It’s advisable to regularly examine your dog’s mouth for signs of oral disease which include bad breath; reddened, bleeding or swollen gums and build up of tartar. It’s worth checking your dog’s teeth from puppyhood so that he gets used to you examining them. Home dental care kits are available from vets, country stores and pet shops to help keep your dog’s teeth free from plaque. Many dogs enjoy chewing and the use of safe chews are also useful to help reduce the build-up of tartar.
Neutering is carried out for a variety of reasons including health-related issues, reproduction control and “heat”, behavioural / psychological reasons such as territory marking and dominance and aggression problems. It involves removing the ovaries and womb from females (spaying) and the testicles from males (castration). Both are surgical procedures carried out under general anaesthetic. Non-surgical alternatives for temporary or long-term postponement of heat (reproductive seasons) in bitches are also available. For further information, please contact your vet.
Daily exercise is essential to keep dogs healthy and mentally and physically stimulated - the level of exercise will depend on their breed, age and health. Exercise not only improves your dog’s wellbeing, but also helps build muscle tone and prevent depression, obesity, joint problems, heart conditions and behavioural issues. Your vet will be able to advise you on how long you should walk your dog for each day.
Regular Health Checks
Your vet will carry out a ‘nose to tail’ MOT when your dog is given its annual booster vaccinations. You can play a role too by following the guidelines below to keep an eye on your dog’s health and help him to stay in tip top condition and live a long and healthy life:
Look out for changes in your dog’s food consumption, drinking and toilet habits. Does he have less energy or is he slower in getting up or jumping? Monitor your dog’s faeces for colour, consistency and signs of worms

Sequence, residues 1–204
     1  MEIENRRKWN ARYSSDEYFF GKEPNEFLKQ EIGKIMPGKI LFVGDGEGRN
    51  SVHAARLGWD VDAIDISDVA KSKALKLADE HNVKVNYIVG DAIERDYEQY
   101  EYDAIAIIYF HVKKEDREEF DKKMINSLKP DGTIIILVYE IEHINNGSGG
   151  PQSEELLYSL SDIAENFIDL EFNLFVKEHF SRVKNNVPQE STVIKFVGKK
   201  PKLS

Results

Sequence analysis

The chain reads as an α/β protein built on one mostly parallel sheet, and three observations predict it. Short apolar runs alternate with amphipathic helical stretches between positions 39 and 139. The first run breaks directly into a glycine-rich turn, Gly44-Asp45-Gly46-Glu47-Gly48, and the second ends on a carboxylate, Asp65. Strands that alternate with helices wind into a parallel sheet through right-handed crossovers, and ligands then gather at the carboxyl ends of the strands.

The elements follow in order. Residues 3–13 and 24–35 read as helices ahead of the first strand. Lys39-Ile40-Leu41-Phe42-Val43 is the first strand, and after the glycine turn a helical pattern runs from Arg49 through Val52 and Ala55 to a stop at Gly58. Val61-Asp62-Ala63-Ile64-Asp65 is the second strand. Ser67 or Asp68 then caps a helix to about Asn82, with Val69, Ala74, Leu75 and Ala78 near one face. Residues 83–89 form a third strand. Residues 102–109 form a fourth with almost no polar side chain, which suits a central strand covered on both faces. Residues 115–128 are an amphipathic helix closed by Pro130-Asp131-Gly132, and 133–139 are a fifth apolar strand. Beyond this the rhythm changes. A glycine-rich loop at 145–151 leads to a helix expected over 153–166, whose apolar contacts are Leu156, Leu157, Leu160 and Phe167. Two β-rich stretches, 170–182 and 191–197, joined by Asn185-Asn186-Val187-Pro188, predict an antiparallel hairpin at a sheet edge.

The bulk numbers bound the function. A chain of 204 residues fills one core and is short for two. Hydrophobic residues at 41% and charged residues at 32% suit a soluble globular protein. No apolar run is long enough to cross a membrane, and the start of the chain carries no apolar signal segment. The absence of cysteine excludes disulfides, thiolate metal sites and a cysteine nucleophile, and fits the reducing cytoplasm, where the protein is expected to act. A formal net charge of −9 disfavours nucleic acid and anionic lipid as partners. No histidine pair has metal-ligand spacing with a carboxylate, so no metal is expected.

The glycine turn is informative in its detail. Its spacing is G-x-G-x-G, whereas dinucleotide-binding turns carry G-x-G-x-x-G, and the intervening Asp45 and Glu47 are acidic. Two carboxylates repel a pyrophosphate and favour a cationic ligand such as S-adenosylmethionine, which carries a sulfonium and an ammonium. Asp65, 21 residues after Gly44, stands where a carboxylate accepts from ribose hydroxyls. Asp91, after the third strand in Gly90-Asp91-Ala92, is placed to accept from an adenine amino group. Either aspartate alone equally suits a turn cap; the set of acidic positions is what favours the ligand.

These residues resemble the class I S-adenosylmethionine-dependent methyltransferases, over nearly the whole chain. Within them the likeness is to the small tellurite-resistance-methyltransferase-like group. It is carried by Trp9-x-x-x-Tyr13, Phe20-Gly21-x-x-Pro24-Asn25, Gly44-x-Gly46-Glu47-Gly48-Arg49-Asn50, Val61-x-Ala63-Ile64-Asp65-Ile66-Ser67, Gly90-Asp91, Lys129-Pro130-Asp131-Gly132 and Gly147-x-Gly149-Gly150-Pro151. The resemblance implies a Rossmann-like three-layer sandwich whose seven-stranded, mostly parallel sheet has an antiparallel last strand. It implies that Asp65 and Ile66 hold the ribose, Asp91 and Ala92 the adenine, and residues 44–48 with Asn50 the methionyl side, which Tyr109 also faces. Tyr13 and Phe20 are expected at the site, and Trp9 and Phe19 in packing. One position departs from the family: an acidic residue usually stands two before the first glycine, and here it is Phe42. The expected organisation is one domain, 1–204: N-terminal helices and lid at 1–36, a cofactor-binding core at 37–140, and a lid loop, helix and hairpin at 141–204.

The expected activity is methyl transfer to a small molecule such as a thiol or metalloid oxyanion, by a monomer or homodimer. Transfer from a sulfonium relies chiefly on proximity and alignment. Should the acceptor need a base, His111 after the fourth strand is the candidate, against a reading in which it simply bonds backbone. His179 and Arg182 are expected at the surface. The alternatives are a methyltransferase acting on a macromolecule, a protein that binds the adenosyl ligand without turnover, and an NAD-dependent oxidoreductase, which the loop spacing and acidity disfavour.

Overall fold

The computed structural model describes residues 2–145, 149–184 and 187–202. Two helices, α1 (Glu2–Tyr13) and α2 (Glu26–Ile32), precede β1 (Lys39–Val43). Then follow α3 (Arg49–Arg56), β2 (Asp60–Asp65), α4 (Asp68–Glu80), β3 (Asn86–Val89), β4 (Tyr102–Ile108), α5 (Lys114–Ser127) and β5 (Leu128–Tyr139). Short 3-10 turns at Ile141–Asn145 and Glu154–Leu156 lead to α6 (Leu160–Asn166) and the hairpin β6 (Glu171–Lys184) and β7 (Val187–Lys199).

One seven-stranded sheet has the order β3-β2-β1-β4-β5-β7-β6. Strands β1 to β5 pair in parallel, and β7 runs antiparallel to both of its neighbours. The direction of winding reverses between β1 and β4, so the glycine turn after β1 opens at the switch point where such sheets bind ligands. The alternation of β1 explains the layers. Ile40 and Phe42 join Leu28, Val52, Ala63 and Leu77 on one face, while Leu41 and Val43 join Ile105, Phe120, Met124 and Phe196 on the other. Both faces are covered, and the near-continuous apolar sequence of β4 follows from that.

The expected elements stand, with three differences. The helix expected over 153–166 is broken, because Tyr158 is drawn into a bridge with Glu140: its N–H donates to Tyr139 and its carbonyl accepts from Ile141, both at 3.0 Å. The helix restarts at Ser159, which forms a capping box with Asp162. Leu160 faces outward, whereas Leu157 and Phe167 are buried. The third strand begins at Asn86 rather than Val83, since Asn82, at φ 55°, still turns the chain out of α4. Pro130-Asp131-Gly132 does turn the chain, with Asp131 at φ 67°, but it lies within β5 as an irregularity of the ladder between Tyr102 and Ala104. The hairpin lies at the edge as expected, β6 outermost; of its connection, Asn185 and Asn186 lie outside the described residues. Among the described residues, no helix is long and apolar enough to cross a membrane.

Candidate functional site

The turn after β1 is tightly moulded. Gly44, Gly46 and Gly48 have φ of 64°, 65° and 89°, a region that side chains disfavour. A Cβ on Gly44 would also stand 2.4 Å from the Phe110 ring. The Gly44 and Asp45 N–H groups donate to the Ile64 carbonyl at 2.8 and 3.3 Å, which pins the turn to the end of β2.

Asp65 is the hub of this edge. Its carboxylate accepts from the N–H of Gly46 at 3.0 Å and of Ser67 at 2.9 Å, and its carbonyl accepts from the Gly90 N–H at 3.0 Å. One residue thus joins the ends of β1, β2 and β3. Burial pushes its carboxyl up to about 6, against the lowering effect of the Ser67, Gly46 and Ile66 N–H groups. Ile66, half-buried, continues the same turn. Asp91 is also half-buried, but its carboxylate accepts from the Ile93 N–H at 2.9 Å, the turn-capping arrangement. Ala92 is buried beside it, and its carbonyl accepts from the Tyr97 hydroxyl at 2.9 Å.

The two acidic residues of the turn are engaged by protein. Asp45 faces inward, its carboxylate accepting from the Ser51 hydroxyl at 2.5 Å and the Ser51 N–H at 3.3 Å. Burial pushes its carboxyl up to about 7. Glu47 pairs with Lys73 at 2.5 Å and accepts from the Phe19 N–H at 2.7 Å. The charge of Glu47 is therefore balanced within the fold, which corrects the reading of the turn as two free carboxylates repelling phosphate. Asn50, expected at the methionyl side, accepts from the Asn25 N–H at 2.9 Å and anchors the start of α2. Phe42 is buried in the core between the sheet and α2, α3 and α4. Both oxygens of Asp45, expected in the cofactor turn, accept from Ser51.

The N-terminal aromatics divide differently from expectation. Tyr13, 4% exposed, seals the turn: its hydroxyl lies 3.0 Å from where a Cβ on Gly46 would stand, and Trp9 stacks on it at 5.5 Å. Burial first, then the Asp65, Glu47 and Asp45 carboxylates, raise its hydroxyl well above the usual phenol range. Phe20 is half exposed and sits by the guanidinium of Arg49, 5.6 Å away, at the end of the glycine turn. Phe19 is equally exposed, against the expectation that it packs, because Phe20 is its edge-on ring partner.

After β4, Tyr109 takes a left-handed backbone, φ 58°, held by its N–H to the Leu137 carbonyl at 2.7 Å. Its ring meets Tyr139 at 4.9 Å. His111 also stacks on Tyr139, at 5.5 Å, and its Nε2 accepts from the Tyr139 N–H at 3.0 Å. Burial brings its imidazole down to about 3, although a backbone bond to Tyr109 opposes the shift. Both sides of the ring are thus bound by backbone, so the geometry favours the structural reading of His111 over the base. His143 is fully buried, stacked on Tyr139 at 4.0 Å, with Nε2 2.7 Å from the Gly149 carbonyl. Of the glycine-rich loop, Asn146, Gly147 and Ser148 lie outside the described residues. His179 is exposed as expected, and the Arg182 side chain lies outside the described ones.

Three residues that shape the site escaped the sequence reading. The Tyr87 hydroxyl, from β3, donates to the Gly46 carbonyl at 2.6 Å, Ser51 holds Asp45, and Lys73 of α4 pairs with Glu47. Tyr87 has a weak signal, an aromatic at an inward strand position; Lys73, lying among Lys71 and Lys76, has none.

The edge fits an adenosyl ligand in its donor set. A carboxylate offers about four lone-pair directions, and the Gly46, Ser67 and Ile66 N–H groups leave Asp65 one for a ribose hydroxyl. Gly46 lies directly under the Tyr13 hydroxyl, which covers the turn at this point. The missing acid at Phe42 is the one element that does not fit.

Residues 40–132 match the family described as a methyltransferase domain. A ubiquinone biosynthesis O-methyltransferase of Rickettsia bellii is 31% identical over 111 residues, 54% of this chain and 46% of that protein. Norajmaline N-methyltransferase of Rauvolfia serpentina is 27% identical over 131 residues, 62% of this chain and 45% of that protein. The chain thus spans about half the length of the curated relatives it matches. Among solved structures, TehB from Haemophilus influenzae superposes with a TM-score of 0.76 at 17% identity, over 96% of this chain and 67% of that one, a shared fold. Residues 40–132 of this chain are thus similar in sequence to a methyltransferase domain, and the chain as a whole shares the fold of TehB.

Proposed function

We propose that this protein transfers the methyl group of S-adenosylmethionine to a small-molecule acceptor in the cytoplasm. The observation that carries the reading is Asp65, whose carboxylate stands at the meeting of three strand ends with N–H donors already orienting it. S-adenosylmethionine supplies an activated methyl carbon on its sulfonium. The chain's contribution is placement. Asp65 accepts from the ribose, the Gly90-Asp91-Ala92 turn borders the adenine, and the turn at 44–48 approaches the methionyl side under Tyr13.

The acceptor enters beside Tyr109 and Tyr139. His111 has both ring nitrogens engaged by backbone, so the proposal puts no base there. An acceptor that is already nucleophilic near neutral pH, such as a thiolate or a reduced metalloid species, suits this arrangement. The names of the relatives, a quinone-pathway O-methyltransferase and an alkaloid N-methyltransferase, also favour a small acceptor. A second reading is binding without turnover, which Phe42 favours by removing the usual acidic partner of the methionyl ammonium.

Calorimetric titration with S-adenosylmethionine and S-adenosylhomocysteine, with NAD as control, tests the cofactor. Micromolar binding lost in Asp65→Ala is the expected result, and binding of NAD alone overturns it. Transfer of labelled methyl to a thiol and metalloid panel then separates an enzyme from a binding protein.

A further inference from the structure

Rub your hands over your dog’s body including his head, legs and paws to check for any lumps or bumps or anything stuck in his pads. Also keep your eyes open for evidence of fleas, ticks and other parasites. Check your dog’s coat quality and whether any dandruff or hair loss is evident. Is your dog scratching, chewing or biting excessively?
Check your pet’s nose, eyes and ears for any abnormalities or discharge. Your dog’s nose should be moist, the corners of his eyes should be free of discharge and his ears should be clean
Regularly examine your dog’s mouth for signs of disease such as bad breath, reddened, bleeding or swollen gums and build up of tartar
Monitor your dog’s body condition by running your hands over his ribs and backbone. If he is losing weight or is overweight, it’s advisable to take him to the vet
Microchipping is a permanent and inexpensive way of identifying dogs. A microchip about the size of a grain of rice is inserted under a dog’s skin around his neck. Each chip has its own unique number held on a central database. If your dog gets lost, it can then be scanned to find your details. Engraving ‘I am microchipped’ on your dog’s tag will highlight the fact he can be identified.
It can be very upsetting both emotionally and financially when pets fall ill, but pet insurance can soften the blow. Pet insurers offer policies against most eventualities and some even insure against accidental damage.